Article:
Home Health Care
On paper, this may be one of the most exciting business opportunities offered up by the market. We know the U.S. population is aging. We know older people are ill more often and more seriously. We know that as we age, death approaches, whole new sets of healthcare issues arise. And we know that economically and emotionally speaking, home settings are far preferable to hospitals where clinically feasible.
This means the business opportunity for home health care firms, such as those that offer visiting nurses, home-based rehabilitation and hospice services, is unmistakable. So, too, are the excellent fundamentals being logged by these firms. But then, there’s the dreaded “M” word: Medicare, more specifically, allegations that firms in this industry have been rendering more higher-margin services than are clinically appropriate, presumably, in order to do more profitable billing.
That’s a scary set of allegations and the stocks have been hit hard as a result. At this early stage of the game, I’m not yet able to put together the same sort of “defense argument” as I was with the schools, so investment assessment here is much more challenging.
In approaching these stocks, I think we need to borrow an analytic technique from the legal profession, wherein a judge will temporarily pretend one version of a contested set of facts is true in order to evaluate what the legal outcome would be under that scenario (if anyone here is familiar with the litigation process, I’m referring to motions for summary judgment and the like). In that spirit, I’m going to pretend for now (and I do emphasize the word “pretend”) that there has been some wrongdoing and consider what such a scenario might mean for the stocks.
The businesses we’re dealing with here are real; very, very real. So, too, are the needs for the roster of services needed, and so, too, are the demographically-inevitable growth prospects. Consider that LHCG has a PE of about 9 and a revenue growth rate well into the 20s. There’s also little debt and strong liquidity. We have similar dynamics at AFAM. At AMED, which seems out front in attracting regulatory challenge, the P/E is already below 5.
Suppose there’s guilt. Note, again, I’m not saying there is guilt; I’m just pretending there is in order to think about how a negative scenario might impact the stocks. Suppose there are fines and that reformation of business practices causes earnings to fall by, say, two-thirds, on a sustainable basis. The stocks, after some emotional reactions, could still conceivably settle around present levels. They’d no longer be value plays. They’d just be normal stocks. But as potential scandal-based downside, that’s not the end of the world. If there’s less damage to earnings, so much the better. If it turns out that the companies have done no wrong at all or that wrongdoing is minor (it’s entirely possible; it wouldn’t be the first time regulators have proven more effective at generating headlines than malfeasance), then these stocks could turn out incredibly undervalued at today’s levels.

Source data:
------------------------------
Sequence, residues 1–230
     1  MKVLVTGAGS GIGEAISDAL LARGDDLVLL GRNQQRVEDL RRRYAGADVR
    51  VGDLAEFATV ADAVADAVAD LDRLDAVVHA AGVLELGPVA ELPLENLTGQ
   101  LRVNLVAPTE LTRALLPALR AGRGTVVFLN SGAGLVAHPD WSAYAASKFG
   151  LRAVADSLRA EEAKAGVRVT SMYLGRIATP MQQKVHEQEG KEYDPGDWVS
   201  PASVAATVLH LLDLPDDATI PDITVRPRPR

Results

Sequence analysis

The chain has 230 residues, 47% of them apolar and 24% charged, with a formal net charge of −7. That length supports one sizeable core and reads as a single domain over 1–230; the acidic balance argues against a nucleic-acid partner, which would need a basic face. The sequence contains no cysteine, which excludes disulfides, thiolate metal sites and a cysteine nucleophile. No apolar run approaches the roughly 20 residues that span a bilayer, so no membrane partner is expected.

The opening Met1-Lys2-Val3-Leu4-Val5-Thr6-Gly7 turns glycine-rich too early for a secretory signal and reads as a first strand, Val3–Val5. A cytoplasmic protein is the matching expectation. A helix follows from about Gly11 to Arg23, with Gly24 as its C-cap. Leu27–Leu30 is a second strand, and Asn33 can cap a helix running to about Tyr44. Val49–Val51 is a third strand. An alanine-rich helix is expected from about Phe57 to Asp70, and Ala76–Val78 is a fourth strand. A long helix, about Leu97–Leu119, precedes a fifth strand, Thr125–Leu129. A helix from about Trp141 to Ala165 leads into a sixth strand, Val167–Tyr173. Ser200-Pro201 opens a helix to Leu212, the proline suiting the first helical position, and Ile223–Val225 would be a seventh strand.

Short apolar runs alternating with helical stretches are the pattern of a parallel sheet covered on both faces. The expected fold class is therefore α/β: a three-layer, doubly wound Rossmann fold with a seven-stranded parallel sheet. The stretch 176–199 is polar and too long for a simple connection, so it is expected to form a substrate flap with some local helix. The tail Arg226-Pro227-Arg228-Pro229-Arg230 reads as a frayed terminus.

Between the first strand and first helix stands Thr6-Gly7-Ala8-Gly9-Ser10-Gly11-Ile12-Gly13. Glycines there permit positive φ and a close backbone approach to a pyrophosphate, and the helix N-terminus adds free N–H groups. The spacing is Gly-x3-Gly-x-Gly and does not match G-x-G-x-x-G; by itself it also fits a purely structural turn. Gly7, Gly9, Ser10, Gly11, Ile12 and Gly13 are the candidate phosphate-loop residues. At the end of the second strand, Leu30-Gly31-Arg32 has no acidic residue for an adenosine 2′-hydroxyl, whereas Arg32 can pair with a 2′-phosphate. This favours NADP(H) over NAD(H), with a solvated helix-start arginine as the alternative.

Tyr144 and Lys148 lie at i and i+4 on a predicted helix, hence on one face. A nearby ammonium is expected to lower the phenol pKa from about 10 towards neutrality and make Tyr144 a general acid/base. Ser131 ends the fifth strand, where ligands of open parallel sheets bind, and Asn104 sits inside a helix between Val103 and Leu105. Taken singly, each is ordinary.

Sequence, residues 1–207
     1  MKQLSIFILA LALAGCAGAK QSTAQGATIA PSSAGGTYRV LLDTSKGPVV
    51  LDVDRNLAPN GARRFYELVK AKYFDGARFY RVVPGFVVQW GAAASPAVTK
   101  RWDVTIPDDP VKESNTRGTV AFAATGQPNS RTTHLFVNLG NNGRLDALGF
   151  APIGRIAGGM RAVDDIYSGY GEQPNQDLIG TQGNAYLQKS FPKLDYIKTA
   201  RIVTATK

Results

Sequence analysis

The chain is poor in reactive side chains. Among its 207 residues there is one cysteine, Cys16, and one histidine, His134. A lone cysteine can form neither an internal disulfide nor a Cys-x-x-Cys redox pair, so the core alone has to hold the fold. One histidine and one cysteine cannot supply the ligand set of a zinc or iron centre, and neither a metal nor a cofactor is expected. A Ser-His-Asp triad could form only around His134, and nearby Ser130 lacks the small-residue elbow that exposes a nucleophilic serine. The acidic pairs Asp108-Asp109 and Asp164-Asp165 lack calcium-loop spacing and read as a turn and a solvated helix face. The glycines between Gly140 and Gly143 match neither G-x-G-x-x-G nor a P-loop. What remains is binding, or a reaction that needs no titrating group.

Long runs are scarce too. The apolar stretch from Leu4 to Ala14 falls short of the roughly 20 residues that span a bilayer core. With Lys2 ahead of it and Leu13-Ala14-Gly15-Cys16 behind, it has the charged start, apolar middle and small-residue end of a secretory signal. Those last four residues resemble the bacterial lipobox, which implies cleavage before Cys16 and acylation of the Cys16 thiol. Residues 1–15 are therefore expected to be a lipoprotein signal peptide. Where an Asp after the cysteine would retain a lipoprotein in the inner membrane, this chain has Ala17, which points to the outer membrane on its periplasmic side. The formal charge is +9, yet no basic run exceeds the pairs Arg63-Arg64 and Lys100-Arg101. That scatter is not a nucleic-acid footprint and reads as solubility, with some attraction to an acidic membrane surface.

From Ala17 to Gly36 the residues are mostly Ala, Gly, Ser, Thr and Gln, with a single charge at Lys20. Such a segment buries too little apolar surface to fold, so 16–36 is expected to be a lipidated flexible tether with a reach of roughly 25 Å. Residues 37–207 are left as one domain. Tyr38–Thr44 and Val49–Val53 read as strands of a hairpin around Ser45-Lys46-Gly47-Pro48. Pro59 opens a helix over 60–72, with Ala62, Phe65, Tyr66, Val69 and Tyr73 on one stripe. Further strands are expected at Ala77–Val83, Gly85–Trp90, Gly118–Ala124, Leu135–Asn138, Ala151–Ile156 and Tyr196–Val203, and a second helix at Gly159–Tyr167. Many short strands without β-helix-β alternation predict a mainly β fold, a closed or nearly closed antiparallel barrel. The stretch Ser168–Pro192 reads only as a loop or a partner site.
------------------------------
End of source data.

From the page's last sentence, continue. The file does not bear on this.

This sort of approach isn’t for everyone. I would not dare argue with anyone who preferred to pass these stocks by. But for those who are open to rolling up their sleeves and digging for some serious value, this is a sense of the logic behind the fact that there is still buying interest in these stocks, which are trading well above distress (i.e. single-digit) levels and an indication of how things might go right.
AMSG and NOVA run ambulatory surgical centers. MDF is a South-Florida based physician network serving Medicare Advantage patients. All have pretty good fundamentals and pretty good track records for growth albeit with less buoyancy as the economy weakened and less-urgent types of medical needs were left unaddressed, at least so far. All benefit from the favorable big-picture healthcare trends: demographics and increasing demand for cost-effective treatment settings. MDF has actually shown up in the past in the model I use for my low-priced stocks newsletter but with a price above $3, it’s no longer in the eligible universe.
The baggage face in all three instances is uncertainty as to how healthcare will be paid for, or more to the point, how much will be paid, as Obamacare takes further shape.
The situation for a value investor here is simple. Either we assume we’ll find a way, somehow or other, to pay for our enormous and growing healthcare needs at a level that continues to attract reasonable supply, or we don’t. While politicians and commentators love to make dire pronouncements, the real question is whether, at the end of the day, anyone expect Washington, whether Democrats or Republicans, to just say “forget it.” With these stocks, you just have to assume the reasonable valuations give us the luxury of assuming things will work out, even if we can’t presently say exactly how that will happen.
Some Less-Scary Situations
The stocks discussed above can be challenging, which is something with which serious value investors must often deal. That said, not every value idea has to involve agony. Here are a couple of easier-to-swallow situations.